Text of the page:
Airlines quickly learned the DOT wasn’t kidding about its new policy. When American Eagle Airlines delayed 15 flights for more than three-hours in May of the following year, the department slapped the company with a $900,000 fine. A plane with as many passengers as Etihad’s flight 183 could owe millions of dollars for a sufficiently extensive delay. With that kind of money on the line, companies realized it wasn’t in their interest to keep passengers cooped up for too long.

While some at the time were worried the new rules would lead to increased flight cancellations and ultimately hurt air travelers, their fears appear to have been unwarranted. Cancelled flights went up only slightly, and according to experts, the benefits of the regulations to passengers outweigh the costs. Flights are cancelled once in a while, says George Hobica, founder of Airfarewatchdog.com, but the DOT’s rules “definitely prevented a lot of suffering.”

Instead of cancelling masses of trips, Hobica has seen airlines become more adept at allowing passengers to leave the plane if they choose while letting the remaining travelers stay on board. Airports now have busses equipped with stairs to evacuate fed-up customers from a long tarmac wait, and some have even adopted a dedicated gate for emergency deplanings.

“The rules have definitely reduced the number of tarmac delays all around,” Hobica says. But that doesn’t mean we’re safe all the time. The DOT’s rules only apply on American soil. Outside the country, flyer beware.


MONEY Travel

Delta Airlines to Offer Five Seat Classes

Delta Air Lines will soon slice the cabin into five seating classes, ranging from no-frills economy to premium flat-bed seats.

TIME Travel

Korean Air Exec Sorry in Macadamia Nut Controversy

She offered a contrite apology for lambasting a flight crew member over service she deemed unacceptable

An executive at Korean Air, and daughter of the company’s chairman, issued a public apology and resigned amid outrage over her treatment of a flight crew member when she was unhappy with the way she was served macadamia nuts in first class.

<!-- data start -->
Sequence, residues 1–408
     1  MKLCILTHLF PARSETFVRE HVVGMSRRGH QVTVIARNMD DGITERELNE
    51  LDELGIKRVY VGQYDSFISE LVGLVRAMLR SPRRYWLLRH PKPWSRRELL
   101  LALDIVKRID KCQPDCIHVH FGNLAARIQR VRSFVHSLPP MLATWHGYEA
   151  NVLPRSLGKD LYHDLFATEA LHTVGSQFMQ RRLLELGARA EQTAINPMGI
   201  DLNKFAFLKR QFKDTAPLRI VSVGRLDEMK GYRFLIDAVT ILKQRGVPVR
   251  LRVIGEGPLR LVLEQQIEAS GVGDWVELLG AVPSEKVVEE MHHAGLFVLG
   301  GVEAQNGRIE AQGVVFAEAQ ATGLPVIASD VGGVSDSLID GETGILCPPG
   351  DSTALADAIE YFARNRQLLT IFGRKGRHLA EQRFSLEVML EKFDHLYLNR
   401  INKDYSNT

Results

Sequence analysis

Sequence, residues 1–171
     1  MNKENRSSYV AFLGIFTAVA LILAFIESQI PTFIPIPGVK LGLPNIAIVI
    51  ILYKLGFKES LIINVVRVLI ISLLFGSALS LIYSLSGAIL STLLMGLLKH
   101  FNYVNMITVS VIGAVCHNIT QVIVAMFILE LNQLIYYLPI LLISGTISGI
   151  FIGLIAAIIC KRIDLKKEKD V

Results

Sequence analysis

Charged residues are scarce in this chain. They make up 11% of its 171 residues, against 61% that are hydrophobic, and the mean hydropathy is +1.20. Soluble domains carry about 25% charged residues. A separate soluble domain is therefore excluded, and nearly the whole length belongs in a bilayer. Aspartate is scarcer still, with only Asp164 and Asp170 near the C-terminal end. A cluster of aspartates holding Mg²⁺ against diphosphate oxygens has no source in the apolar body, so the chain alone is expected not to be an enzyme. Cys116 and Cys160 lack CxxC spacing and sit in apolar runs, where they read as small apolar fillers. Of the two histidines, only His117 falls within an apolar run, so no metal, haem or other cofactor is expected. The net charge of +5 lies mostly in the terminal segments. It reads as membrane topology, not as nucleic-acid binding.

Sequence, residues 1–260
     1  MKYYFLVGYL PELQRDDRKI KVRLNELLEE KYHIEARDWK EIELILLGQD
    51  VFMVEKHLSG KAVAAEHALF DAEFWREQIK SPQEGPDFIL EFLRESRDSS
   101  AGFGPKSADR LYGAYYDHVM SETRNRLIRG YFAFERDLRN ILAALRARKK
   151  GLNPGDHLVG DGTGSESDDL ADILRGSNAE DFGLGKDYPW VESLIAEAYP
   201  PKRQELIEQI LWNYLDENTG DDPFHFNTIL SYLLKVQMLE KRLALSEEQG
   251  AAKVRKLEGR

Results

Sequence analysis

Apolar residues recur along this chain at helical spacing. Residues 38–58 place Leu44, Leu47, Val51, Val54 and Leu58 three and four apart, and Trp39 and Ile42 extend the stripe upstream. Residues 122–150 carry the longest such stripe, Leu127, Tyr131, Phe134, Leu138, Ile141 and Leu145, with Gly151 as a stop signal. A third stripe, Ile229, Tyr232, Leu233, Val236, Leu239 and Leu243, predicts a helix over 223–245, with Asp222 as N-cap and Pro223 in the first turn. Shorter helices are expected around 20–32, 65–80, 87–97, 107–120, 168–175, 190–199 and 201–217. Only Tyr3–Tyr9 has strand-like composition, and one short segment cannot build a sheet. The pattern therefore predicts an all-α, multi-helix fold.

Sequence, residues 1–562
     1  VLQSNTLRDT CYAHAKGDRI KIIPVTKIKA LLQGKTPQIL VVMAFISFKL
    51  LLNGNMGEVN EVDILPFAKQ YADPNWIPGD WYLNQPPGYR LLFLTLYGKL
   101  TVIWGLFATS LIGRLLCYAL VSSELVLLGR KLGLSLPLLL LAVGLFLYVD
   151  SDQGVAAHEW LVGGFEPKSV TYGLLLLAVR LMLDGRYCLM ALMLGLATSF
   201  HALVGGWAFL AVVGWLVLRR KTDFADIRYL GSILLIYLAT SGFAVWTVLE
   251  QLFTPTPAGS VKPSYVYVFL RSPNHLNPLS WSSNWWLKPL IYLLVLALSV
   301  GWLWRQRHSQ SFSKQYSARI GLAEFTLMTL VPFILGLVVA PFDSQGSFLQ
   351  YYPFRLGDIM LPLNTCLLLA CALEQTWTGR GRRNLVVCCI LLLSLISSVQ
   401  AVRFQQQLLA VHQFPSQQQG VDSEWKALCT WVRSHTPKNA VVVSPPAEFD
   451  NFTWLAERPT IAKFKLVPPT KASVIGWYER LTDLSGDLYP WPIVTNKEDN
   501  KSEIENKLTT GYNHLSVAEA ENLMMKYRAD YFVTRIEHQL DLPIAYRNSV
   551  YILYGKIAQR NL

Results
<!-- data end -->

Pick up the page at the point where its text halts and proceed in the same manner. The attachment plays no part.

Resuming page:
“I sincerely apologize for causing trouble for everyone,” said Heather Cho, 40, who was head of Korean Air’s in-flight service division before stepping down this week. “I’m sorry.”

Cho, seated in first class on a Korean Air flight departing from JFK airport in New York, was displeased after she was served macadamia nuts in a bag rather than a dish. She ordered the plane back to the gate so the cabin crew chief could be expelled from the flight causing a small departure delay, Reuters reports.

The incident has touched a raw nerve among the public in South Korea, a country dominated by a small number of giant, family-operated comglomerates, known as chaebol.


TIME Saving & Spending

The Secret to Getting a Ridiculously Cheap Thanksgiving Flight

Aerial view of airplane
Stephan Zirwes—Brand X/Getty Images

Every travel agency is saying something different, but there are some tips that aren't up for debate

For years, travel search engines have scoured through their dense databases to determine the best day to book your Thanksgiving flights. This year, like every year, there’s a lot of mixed messages on what to do if you’ve procrastinated on booking tickets. Here’s what the big players are advising for cheap domestic U.S. air tickets:

  • Kayak: Book in early November, about two to four weeks before Thanksgiving.
  • Skyscanner: Two weeks prior to Thanksgiving.
  • Orbitz: This Wednesday, Thursday or Saturday. If not then, then before Nov. 18.
  • Cheapair: It depends on way too many things.

So what’s the takeaway? It’s better to be safe and book flights now, but you if you’re a risk taker, you can wait until the beginning of November to book your flights. But try not to wait until the week of Thanksgiving. It’s also important to weigh the risks of an unexpected fare hike in light of what your benefits of waiting actually are. These hyped “savings” are usually only about 5 to 10% less than the average fare, which amounts to $15 to $30 if your ticket costs $300.

In fact, since airline fares are notoriously difficult to understand, often the better question to ask is what not to do when you’re booking Thanksgiving flights.

Here are a few tips that travel search engines all agree on:

Don’t book a departure flight on the Wednesday before Thanksgiving (Nov. 26), or a return flight on the Sunday after Thanksgiving (Nov. 30).

Airfares increase as flights get fuller, and the Wednesday and Sunday flanking the Thanksgiving holiday are when the most people are traveling. A simple airfare search shows just how much more expensive it is to book travel on one of these days. In some cases, fares are up to twice as high.

If you have to book for Wednesday or Sunday, then book your tickets as early as possible.

If you’re locked into a Wednesday departure flight, aim for a Friday or Tuesday return flight, which is around 25% cheaper than returning on Saturday, Sunday or Monday, according to an analysis by Cheapair.